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Austen’s Independence Day by Melissa Belle

Source: the author
Paperback, 333 pgs.
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Austen’s Independence Day by Melissa Belle is a modern take on Pride & Prejudice with a twist. Long ago, the town of Austen, Texas, had a founder whose wife demanded he trap the ghost of Jane Austen in the town jail until true love could be found and set her free. This was his punishment for cheating on her with another. While the tall tale is far-fetched at best, it becomes the basis for a whole industry in the town, keeping its residents afloat financially and some pre-occupied with curses and romance beyond reason.

Macey Henwood has had a tough life, caring for her siblings, her alcoholic father, and her romance-obsessed and co-dependent mother, but through it all Morgan Thornbrush has been her rock. He’s helped her through the tough moments and shared some her best, and like him, she’s done the same for him. Set in Texas, there is a rough and tumble way about the townsfolk that seemed at odds with the romantic ghost tale. Macey and Morgan made a pact as teenagers to never marry or marry anyone else, and their on-again, off-again romance is a bit tough to take when readers learn how long it has been going on. Commitment issues abound, as Macey says she was never meant to marry.

Can Macey really blame the guy for wanting to move beyond some silly pact made as a teenager? When is she going to grow up and stop caring for everyone else and do what she wants to do — become an author?! It’s tough to say, as she sees how much she’s done but continues to devalue herself. Meanwhile, she insists she doesn’t need a man to make her whole like her mother, but her whining about Morgan after his engagement to a Manhattan rich girl makes it appear that she does.

“I think I’m going to throw up. But it figures, really. Morgan always went for rich girls. Except when he was slumming around with little old redneck me.”

Despite many of these issues, once the history between these characters unfolds, it becomes less of a surface relationship about sex and more about their support of one another through rough patches. They are more than friends, they are lovers who support each other’s dreams. Belle has a unique story compared to many in the Austenesque world, and with a bit of editing to reduce the instances of diary reading and repeated comments between Morgan and Macey (which were unnecessary), this would have been stellar.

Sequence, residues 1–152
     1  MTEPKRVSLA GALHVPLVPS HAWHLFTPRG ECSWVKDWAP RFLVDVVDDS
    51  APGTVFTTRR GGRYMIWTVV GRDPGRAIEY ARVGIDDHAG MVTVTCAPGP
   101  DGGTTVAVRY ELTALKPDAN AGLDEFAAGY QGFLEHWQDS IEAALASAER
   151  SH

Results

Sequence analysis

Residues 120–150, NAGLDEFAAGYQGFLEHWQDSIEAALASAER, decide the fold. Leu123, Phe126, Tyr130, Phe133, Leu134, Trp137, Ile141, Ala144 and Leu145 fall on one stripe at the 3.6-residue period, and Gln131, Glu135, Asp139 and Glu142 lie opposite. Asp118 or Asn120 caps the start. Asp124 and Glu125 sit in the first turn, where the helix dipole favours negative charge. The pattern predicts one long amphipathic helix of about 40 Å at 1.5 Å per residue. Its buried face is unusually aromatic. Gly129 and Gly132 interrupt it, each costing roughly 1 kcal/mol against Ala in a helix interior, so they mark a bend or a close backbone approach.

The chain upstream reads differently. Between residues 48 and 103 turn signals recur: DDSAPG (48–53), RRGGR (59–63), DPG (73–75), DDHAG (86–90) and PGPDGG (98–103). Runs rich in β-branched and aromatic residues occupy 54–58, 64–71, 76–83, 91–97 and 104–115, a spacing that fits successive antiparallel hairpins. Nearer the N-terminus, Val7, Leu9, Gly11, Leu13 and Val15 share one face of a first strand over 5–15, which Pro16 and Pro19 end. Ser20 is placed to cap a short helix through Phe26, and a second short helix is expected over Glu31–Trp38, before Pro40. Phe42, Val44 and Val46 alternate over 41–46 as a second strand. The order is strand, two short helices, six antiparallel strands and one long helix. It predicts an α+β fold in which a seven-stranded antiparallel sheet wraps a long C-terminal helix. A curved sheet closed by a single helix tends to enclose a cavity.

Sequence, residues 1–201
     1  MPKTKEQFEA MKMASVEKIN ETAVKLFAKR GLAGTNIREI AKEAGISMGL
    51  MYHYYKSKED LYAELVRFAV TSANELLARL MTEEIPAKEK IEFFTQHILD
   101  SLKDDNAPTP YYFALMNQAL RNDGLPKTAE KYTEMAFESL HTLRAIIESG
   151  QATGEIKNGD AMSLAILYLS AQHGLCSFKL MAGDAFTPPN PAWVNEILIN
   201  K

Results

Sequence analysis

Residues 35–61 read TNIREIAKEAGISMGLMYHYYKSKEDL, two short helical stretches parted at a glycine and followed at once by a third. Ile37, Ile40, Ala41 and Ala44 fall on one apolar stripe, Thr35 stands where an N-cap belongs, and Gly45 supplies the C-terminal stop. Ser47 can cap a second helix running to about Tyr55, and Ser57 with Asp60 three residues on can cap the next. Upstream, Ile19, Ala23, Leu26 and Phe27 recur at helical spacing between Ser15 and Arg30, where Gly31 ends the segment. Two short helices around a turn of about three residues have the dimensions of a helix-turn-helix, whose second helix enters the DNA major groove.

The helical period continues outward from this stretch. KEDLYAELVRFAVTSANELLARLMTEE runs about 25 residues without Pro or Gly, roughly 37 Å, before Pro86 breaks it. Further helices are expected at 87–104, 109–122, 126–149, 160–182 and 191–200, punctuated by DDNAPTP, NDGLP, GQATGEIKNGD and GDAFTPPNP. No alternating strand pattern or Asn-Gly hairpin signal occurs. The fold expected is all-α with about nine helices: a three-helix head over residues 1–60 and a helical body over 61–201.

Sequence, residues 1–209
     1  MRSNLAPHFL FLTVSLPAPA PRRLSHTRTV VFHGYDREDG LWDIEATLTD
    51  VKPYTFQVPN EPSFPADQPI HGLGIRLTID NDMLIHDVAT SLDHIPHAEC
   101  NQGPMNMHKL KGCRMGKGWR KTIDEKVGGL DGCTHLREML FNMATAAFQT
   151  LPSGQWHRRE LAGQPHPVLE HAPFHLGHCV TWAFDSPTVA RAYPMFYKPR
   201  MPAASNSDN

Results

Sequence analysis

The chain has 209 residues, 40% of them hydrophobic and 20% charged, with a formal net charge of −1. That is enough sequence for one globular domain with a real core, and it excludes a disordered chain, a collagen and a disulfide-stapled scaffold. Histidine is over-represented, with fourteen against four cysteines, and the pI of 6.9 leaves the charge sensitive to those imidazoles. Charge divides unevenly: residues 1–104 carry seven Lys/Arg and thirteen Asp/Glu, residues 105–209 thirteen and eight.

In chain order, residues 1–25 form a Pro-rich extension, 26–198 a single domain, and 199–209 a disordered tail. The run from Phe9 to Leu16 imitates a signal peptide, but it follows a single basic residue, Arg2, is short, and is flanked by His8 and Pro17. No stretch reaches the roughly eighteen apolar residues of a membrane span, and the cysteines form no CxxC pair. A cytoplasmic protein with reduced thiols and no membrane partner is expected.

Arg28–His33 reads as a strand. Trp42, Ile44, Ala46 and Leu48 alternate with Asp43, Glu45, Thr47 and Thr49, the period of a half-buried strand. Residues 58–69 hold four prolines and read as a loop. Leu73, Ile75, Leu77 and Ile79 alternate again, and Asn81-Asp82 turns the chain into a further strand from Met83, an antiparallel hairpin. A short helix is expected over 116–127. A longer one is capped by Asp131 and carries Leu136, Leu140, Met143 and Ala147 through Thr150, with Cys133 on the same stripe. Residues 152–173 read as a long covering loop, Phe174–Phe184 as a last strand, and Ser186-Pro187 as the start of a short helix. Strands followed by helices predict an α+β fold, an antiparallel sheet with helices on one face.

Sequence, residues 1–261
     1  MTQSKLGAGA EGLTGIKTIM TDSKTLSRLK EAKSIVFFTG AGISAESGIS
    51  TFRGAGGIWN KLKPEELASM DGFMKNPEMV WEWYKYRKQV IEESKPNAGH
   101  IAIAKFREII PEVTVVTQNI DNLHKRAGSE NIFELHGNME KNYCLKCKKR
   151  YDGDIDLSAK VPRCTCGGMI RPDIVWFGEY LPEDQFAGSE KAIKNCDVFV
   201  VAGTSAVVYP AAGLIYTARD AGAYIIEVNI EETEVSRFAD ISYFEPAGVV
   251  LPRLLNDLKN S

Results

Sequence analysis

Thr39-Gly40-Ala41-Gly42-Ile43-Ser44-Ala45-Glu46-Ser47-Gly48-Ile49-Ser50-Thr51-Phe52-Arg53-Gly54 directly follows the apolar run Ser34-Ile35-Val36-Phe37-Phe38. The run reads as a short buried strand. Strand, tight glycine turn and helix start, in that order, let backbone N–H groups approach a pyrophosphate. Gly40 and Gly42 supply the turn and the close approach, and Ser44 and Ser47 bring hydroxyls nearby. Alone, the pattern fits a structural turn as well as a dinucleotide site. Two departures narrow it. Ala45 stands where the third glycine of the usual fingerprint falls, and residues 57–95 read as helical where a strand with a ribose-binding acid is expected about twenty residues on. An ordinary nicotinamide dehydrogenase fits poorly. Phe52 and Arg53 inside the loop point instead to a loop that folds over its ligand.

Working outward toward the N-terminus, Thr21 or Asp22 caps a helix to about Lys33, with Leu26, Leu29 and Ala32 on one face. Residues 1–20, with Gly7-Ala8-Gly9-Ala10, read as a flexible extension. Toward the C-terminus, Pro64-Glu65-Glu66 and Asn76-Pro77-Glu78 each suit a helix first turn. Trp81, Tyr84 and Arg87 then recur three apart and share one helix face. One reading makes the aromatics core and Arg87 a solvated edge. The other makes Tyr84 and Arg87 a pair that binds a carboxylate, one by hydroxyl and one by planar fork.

Reading from her diary to Morgan seemed a bit forced in some places as he tried to get over her and marry someone else, but what’s worse is she was writing these detailed entries as early as age six. Not possible, unless she’s a genius, and her actions and behaviors suggest otherwise. Overall, Austen’s Independence Day by Melissa Belle is a fun read with interesting characters in an oddball town.

RATING: Tercet

About the Author:

Melissa Belle loves to write steamy romance novels where the hero and heroine are passionate, independent, and good to each other. The first romance novel she read (and fell in love with) was Jane Austen’s Pride and Prejudice. Melissa wrote her first novel riding through Europe on the train, and she travels with her husband (her best friend and first reader of all her stories) as much as possible.

Melissa dances in a belly dance troupe. She is a professional tarot and oracle card reader. She also loves songwriting, hooping, and her two rescue kitties. And cupcakes.

  • Anna (Diary of an Eccentric)

    I’m glad you found it to be a fun read overall. I’ll be reading it soon and am looking forward to it. I’m intrigued by the original premise.

  • Suko http://www.sukosnotebook

    Serena, this sounds like a very contemporary take on Austen! I enjoyed reading your review of this book by a new author.